Phosphorus

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Phosphorus is an element in the Periodic Table, with the symbol P and the atomic number 15.[1] Phosphorus exists in at least four allotropic forms: white (or yellow), red, and black (or violet).[2] Phosphorus is found commonly in nature, as it is an essential chemical in living systems. "Phosphate rock, which contains the mineral apatite, an impure tri-calcium phosphate, is an important source of the element. Large deposits are found in Russia, in Morocco, and in Florida, Tennessee, Utah, Idaho, and elsewhere."[3] In humans, it is found in nervous tissues, bones, and cell protoplasm.[4]

White phosphorus is dangerously reactive in air, so it should be kept under water.[5] When exposed to sunlight or heated in its own vapor to 250C, white phosphorus converts to the red variety. Red phosphorus will not spontaneously ignite.

Uses

Red phosphorus is used in safety matches, pyrotechnics, pesticides, incendiary shells, smoke bombs, and tracer bullets.[6]

Concentrated phosphoric acids, containing up to 75% P2O5, are used in agriculture as fertilizer.[7] Phosphates are also used in special types of glass, like those used for sodium lamps.

Bone-ash (calcium phosphate) is used in fine china and to produce mono-calcium phosphate, which is used in baking powder. Phosphorus is also used in manufacturing steels.[8] Trisodium phosphate is used as a cleaning agent, a water softener, and to prevent boiler scale and corrosion of pipes and boiler tubes.

In the Environment

Phosphorus occurs commonly in the natural world, but never in its pure form - only as phosphates.[9] Phosphates consist of a phosphorus atom bonded with four oxygen atoms. In minerals, this exists as a negatively charged phosphate ion (PO43-), but in organophosphates, there are organic molecules attached to one, two, or three of the oxygen atoms.

Phosphorus is naturally present in many foods, especially tuna, salmon, sardines, liver, turkey, chicken, eggs and cheese.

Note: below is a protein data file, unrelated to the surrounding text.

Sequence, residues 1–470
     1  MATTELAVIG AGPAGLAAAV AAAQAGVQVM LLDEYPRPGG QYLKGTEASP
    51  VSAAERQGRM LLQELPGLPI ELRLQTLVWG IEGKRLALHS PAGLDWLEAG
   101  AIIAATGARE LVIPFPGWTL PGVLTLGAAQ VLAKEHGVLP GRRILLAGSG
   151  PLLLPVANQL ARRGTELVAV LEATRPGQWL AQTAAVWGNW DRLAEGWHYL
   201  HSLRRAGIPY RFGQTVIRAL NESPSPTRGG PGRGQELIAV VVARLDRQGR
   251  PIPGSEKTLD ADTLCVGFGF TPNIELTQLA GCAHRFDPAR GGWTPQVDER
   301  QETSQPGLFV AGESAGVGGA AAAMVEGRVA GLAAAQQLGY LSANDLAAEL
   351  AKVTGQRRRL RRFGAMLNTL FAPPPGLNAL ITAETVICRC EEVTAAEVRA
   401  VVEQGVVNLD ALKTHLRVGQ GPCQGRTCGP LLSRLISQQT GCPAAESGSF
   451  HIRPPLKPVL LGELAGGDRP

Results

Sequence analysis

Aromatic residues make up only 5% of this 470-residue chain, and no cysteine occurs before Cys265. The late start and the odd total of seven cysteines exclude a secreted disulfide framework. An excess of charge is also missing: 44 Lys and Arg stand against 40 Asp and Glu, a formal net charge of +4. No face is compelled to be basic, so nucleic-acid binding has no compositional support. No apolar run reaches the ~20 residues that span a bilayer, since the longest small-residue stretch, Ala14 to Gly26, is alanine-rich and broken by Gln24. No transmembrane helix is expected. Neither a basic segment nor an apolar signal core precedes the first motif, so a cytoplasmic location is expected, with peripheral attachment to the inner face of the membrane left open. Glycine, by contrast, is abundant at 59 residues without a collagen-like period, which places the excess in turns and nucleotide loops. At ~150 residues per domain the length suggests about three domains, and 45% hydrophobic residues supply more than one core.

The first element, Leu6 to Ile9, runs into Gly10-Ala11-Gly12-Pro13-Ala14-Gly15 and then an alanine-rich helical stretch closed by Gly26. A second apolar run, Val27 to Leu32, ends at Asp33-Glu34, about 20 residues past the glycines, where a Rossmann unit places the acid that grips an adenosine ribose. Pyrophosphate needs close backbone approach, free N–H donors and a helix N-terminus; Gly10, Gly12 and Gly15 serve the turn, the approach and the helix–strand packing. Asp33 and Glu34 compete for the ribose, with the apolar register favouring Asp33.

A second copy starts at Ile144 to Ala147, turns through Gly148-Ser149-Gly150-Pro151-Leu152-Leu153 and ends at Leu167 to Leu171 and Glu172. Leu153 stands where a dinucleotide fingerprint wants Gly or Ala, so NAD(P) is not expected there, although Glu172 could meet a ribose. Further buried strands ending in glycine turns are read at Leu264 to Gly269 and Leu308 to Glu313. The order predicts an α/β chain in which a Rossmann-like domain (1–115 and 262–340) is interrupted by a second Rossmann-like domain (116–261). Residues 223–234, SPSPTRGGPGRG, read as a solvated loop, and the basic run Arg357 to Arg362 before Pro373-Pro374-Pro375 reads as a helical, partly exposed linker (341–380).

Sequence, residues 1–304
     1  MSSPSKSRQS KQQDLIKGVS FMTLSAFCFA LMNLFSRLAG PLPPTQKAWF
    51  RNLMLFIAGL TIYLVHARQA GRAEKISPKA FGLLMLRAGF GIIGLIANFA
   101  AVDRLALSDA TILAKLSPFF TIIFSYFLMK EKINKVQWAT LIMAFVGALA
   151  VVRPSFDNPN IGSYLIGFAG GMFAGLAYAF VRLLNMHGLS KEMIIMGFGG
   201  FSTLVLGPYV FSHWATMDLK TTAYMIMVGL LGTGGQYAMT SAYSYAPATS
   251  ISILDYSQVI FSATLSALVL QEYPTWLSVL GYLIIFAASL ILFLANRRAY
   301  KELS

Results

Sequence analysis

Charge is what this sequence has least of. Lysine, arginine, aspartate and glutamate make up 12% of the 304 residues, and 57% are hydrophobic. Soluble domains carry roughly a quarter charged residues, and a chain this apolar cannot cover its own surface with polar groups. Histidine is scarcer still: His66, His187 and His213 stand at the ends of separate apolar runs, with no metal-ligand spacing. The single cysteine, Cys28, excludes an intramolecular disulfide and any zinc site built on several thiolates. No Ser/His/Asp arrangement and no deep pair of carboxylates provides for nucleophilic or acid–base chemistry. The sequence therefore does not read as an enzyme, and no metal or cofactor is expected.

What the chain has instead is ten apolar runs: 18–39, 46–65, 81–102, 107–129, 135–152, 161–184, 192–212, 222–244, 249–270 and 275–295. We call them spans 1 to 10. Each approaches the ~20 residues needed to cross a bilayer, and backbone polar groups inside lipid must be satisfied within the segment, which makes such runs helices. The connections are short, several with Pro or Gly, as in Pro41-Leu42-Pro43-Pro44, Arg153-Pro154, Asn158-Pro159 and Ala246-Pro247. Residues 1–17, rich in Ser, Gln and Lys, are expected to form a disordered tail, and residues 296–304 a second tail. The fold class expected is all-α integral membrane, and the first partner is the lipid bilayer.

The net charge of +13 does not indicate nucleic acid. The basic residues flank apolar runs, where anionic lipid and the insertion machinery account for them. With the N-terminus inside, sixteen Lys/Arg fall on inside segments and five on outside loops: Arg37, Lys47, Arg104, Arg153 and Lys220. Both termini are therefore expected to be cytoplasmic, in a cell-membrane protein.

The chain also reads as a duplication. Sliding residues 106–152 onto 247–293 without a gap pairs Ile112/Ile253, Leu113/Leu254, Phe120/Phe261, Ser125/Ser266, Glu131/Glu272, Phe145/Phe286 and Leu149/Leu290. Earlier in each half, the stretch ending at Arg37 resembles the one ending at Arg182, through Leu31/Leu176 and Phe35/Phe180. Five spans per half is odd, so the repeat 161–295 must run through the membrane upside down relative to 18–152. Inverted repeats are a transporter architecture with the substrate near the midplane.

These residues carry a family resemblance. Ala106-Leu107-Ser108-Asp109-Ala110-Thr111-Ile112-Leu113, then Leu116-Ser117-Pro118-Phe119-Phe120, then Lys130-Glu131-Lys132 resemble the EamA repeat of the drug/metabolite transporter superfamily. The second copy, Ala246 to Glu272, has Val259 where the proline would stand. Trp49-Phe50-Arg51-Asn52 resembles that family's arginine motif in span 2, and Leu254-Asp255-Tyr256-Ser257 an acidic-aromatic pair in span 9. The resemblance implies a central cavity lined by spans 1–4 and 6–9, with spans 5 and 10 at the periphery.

In Sewage Sludge

In the Targeted National Sewage Sludge Survey, a 2009 test of 84 samples of sewage sludge from around the U.S., the EPA found phosphorus in every sample in concentrations ranging from 2,620 to 118,000 parts per million.[10]

Health Effects

Humans are frequently exposed to phosphates through their food, as it is an essential mineral.[11] Phosphates are part of DNA materials and they also take part in energy distribution. However, too much phosphate can cause health problems, including kidney damage and osteoporosis.[12]

If ingested, white phosphorus is severely poisonous. Before people die of from ingesting white phosphorus, they experience nausea, stomach cramps, and drowsiness.[13] Additionally, white phosphorus can cause severe burns if it comes in contact with skin.

Articles and resources

Related SourceWatch articles

References

  1. WebElements: Phosphorus, Accessed August 31, 2010.
  2. Phosphorus, Accessed August 31, 2010.
  3. Phosphorus, Accessed August 31, 2010.
  4. WebElements: Phosphorus, Accessed August 31, 2010.
  5. Phosphorus, Accessed August 31, 2010.
  6. Phosphorus, Accessed August 31, 2010.
  7. Phosphorus, Accessed August 31, 2010.
  8. Phosphorus, Accessed August 31, 2010.
  9. Phosphorus (P) - Chemical Properties, Health and Environmental Effects, Accessed August 31, 2010.
  10. Targeted National Sewage Sludge Survey Report, US EPA website, Accessed August 28, 2010.
  11. Phosphorus (P) - Chemical Properties, Health and Environmental Effects, Accessed August 31, 2010.
  12. Phosphorus (P) - Chemical Properties, Health and Environmental Effects, Accessed August 31, 2010.
  13. Phosphorus (P) - Chemical Properties, Health and Environmental Effects, Accessed August 31, 2010.

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